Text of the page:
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  1. Abstract

    Sexual and gender minorities face considerable inequities in society, including in science. In biology, course content provides opportunities to challenge harmful preconceptions about what is “natural” while avoiding the notion that anything found in nature is inherently good (the appeal-to-nature fallacy). We provide six principles for instructors to teach sex- and gender-related topics in postsecondary biology in a more inclusive and accurate manner: highlighting biological diversity early, presenting the social and historical context of science, using inclusive language, teaching the iterative process of science, presenting students with a diversity of role models, and developing a classroom culture of respect and inclusion. To illustrate these six principles, we review the many definitions of sex and demonstrate applying the principles to three example topics: sexual reproduction, sex determination or differentiation, and sexual selection. These principles provide a tangible starting place to create more scientifically accurate, engaging, and inclusive classrooms.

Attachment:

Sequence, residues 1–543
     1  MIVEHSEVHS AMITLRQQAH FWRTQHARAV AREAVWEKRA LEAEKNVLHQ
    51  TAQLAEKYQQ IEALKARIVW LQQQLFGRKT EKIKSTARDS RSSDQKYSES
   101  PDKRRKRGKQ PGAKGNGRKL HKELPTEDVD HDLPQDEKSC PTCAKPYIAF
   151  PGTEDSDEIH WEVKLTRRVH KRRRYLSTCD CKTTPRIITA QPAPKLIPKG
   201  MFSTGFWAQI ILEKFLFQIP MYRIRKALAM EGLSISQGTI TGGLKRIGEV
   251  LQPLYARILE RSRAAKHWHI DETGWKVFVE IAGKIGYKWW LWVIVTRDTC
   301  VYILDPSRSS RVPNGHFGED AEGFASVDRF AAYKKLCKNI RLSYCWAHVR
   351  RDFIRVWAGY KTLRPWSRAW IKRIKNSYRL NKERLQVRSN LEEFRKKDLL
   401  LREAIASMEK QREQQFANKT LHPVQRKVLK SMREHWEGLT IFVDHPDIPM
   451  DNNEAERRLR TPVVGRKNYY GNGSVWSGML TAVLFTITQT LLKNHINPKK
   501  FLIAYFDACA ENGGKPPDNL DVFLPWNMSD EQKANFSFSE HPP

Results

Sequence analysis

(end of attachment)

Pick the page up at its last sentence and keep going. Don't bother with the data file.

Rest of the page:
2. Authentic, “messy data” contain variability that comes from many sources, such as natural variation in nature, chance occurrences during research, and human error. It is this messiness that both deters potential users of authentic data and gives data the power to create unique learning opportunities that reveal the nature of science itself. While the value of bringing contemporary research and messy data into the classroom is recognized, implementation can seem overwhelming. We discuss the importance of frequent interactions with messy data throughout K–16 science education as a mechanism for students to engage in the practices of science, such as visualizing, analyzing, and interpreting data. Next, we describe strategies to help facilitate the use of messy data in the classroom while building complexity over time. Finally, we outline one potential sequence of activities, with specific examples, to highlight how various activity types can be used to scaffold students' interactions with messy data.